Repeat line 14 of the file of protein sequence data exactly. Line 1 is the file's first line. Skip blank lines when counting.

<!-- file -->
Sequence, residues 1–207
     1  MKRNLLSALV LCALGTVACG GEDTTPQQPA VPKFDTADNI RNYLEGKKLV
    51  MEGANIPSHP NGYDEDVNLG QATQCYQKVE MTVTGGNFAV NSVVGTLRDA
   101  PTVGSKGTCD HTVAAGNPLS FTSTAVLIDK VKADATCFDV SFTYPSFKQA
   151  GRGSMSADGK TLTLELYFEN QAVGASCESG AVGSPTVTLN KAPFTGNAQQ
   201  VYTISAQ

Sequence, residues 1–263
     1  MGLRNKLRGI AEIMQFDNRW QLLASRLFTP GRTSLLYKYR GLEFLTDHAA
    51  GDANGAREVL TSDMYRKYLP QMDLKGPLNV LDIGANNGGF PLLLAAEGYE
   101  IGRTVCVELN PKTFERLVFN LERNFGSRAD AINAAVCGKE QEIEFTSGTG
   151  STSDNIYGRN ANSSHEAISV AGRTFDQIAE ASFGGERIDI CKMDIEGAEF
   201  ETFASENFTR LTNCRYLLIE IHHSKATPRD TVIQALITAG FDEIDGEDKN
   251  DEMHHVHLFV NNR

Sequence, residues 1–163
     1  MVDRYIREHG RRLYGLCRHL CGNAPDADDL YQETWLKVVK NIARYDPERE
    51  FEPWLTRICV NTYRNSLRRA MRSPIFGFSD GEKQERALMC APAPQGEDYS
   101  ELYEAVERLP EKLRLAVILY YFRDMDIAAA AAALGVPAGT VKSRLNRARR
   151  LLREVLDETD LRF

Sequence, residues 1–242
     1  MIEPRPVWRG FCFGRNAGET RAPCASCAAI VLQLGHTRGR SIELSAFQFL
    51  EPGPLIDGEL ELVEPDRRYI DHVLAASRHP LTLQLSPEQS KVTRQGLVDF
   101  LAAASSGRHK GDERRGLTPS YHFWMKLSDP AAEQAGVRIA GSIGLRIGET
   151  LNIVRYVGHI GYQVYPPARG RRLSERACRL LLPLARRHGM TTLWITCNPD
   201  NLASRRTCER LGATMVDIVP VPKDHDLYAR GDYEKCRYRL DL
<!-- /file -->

Sequence, residues 1–163